Sangiran Museum

Sangiran is an archaeological site on the Java island of Indonesia. Sangiran museum has an area of about 48 kilometers squares and it is located 15 kilometers north part of Surakarta town. It is on side of Solo River valley, administratively Sangiran is in Sragen and Karanganyar district. Sangiran was determined by the Minister of Education and Culture of Indonesia as a cultural heritage in 1977 and listed as a UNESCO world heritage site.

There was anthropologist Gustav Heinrich Ralph von Koenigswald who began research at the site in 1934. In subsequent years, the excavation found fossils of the first human ancestors, Pithecanthropus Erectus, or Java man. There are about 60 of them over other fossils of Meganthropus Palaeojavanicus that have been found at the site.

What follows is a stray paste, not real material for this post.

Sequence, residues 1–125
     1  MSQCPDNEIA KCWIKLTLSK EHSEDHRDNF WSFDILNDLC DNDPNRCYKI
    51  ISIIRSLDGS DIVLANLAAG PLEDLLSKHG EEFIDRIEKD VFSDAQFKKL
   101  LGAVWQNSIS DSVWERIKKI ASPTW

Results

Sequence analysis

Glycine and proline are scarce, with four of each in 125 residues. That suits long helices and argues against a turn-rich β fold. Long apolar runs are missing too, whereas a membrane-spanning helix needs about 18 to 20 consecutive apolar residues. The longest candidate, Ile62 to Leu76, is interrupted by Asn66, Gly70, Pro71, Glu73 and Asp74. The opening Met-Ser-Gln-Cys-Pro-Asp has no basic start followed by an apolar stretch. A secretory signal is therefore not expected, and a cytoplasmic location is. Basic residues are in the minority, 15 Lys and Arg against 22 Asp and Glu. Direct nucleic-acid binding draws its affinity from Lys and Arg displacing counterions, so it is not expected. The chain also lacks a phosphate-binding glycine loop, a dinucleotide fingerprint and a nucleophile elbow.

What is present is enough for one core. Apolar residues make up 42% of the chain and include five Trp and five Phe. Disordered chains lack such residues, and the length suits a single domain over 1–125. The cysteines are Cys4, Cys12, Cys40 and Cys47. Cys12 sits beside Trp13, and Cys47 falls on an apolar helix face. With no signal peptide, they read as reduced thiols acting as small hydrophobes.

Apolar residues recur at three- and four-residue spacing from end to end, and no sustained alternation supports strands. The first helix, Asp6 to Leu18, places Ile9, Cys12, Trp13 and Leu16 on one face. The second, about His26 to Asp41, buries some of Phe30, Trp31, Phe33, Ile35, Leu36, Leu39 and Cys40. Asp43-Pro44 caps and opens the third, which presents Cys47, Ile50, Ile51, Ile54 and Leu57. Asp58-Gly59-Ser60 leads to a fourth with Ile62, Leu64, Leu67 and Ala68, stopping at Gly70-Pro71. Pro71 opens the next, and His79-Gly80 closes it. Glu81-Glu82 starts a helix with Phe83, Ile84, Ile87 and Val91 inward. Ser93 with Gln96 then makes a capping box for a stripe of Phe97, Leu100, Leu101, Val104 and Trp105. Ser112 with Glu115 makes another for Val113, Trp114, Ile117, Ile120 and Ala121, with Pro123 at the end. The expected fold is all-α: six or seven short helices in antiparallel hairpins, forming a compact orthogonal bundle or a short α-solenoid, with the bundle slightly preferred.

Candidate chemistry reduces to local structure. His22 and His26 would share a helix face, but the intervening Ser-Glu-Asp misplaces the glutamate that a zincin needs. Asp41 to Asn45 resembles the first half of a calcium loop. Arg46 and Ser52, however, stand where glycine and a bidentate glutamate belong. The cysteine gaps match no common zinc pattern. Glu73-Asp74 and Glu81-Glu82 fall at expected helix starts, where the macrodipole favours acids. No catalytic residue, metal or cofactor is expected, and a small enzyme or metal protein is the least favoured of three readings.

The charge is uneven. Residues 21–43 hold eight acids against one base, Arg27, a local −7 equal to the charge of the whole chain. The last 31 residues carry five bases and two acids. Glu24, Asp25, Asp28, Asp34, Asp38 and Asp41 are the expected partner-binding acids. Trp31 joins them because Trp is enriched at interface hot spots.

Sangiran museum is also presenting early human history since about 2 million years and 200.000 years ago and that was when was Pleistocene Pliocene. There are 13.086 hominid fossil collections and it is the upright hominid site, comprehensive in Asia. The visitor can also see the animal's fossils reinforced rear, aquatic fossils, fossils of marine plants, and stone tools equipment.

The first dome was found near the museum and it was a studied center and it opened itself through the process of erosion to form depression. The depression, that found soil layers that contained information about life in ancient times.